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From Middle English socne ‎(district held by a socage) (compare from Medieval Latin (Anglo-Latin) sōca ‎(right of jurisdiction), see soke), from Old English sōcn ‎(jurisdiction, prosecution, soke, literally act of seeking), from Proto-Germanic *sōknō ‎(seeking, inquiry), from Proto-Indo-European *sāg(')- ‎(to track). Akin to Gothic 𐍃𐍉𐌺𐌽𐍃 ‎(sokns, controversy), Old English sacu ‎(legal case, dispute), sēcan ‎(to seek). More at sake, seek, soke.


soken ‎(plural sokens)

  1. The ancient right (usually conferred by royalty) to hold a local court of justice and levy specific fees and fines. A 'soke' or 'soken' was the area over which this right was established. More specifically, the 'resort' (right) of specific farmers to have their grain ground at a specific mill or, inversely, the right of a mill to that custom. Also, specifically, a right of prosecution and judgement. Older meanings include a place that is regularly frequented. The word 'soken' is used in Stow (1598) in a way that implies regular usage / clear meaning, e.g. with reference to Portsoken Ward, outside the walls of the City of London which originated as a 'liberty' (a practically synonymous term) for a guild of knights.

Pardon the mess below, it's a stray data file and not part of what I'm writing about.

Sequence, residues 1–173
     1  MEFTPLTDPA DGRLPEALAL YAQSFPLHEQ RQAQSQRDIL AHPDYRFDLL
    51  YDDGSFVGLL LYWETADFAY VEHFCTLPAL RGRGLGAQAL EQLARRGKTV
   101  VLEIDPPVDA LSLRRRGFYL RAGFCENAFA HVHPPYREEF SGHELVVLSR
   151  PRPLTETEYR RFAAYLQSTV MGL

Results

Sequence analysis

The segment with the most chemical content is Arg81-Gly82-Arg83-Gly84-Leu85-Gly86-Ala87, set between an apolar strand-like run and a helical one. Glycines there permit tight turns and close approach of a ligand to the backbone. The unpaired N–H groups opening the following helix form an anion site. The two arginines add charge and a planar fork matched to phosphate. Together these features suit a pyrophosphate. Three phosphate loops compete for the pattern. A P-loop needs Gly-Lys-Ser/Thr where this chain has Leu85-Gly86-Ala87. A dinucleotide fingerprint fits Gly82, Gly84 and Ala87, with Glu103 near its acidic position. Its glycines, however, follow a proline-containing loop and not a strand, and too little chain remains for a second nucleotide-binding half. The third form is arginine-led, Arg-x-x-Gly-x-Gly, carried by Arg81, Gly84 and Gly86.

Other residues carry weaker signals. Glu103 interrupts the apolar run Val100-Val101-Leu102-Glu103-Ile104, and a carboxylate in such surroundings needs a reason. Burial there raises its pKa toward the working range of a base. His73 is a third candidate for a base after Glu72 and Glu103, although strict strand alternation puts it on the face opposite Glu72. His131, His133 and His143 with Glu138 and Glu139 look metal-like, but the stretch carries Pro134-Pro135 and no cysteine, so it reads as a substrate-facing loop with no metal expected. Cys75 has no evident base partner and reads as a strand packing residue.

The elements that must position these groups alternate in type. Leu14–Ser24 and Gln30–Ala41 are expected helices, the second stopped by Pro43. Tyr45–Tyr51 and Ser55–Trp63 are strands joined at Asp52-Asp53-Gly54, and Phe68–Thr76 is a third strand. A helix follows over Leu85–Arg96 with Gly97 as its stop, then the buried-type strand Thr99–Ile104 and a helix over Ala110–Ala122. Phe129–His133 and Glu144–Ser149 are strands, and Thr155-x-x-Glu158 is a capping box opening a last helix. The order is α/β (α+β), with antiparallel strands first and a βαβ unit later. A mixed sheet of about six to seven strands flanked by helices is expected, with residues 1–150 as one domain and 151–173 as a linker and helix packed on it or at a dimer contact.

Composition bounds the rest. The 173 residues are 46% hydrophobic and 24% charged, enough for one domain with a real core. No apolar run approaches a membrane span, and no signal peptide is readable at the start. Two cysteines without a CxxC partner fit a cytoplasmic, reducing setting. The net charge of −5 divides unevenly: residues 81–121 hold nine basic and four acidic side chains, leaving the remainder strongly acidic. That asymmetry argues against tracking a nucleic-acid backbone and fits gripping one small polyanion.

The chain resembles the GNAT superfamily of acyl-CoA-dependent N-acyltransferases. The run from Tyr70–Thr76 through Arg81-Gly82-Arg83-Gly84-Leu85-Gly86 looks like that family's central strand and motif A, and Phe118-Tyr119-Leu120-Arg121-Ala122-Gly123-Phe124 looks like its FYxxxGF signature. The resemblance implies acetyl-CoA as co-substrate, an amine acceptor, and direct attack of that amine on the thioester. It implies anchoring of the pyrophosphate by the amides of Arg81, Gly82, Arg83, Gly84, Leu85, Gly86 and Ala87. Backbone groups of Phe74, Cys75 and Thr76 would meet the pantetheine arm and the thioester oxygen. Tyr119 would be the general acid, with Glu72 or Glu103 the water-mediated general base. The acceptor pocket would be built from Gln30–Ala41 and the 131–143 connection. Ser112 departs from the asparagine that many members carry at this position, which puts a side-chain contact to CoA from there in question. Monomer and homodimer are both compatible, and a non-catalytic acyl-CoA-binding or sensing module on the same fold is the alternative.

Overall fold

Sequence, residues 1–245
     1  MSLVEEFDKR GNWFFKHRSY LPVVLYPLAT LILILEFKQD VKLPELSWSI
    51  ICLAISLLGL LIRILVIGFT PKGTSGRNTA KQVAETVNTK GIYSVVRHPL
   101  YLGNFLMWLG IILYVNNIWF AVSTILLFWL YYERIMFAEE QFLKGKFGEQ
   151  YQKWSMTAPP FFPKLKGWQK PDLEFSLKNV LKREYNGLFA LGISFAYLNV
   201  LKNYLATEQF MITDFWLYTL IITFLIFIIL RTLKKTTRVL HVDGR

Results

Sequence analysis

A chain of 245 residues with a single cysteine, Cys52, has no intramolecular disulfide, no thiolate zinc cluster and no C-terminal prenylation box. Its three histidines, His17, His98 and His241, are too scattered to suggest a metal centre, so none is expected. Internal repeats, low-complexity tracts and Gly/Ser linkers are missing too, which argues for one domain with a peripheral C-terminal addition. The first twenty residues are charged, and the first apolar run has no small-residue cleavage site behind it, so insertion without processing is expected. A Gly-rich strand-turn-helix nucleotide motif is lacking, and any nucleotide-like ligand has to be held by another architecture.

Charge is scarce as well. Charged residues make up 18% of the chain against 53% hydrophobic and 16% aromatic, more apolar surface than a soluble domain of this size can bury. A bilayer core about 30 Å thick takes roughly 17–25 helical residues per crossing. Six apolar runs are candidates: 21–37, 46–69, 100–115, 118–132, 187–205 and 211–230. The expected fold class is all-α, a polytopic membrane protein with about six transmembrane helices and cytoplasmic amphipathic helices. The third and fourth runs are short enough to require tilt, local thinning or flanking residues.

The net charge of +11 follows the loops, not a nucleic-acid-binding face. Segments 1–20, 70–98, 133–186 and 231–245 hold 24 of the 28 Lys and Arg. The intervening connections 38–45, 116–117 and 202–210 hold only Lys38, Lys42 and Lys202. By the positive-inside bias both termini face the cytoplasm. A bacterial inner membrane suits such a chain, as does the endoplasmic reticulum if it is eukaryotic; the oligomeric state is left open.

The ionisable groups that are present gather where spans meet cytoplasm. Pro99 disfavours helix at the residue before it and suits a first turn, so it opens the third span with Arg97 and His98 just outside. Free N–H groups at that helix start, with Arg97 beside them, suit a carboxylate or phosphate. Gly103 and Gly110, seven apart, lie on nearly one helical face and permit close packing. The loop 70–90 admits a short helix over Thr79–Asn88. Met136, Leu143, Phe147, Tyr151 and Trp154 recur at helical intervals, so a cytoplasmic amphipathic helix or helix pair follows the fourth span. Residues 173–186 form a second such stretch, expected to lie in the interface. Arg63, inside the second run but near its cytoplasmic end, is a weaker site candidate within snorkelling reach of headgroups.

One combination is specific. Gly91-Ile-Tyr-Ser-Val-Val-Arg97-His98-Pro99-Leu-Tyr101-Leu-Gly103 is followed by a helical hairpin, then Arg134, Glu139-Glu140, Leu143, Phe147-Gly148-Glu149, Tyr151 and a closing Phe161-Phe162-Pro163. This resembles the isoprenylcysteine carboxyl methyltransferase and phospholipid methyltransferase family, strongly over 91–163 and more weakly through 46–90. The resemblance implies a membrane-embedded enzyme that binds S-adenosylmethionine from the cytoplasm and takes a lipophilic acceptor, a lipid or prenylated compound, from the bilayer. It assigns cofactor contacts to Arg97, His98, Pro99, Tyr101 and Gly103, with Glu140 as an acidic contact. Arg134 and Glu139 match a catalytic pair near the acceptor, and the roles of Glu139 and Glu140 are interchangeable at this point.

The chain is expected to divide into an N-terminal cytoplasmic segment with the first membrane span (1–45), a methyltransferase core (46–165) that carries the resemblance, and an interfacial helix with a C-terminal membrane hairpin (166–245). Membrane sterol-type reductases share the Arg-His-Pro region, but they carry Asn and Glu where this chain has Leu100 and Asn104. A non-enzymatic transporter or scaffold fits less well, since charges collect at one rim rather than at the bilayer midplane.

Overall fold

• Webster's Dictionary
  • Oxford English Dictionary
  • Stow's Survey of London

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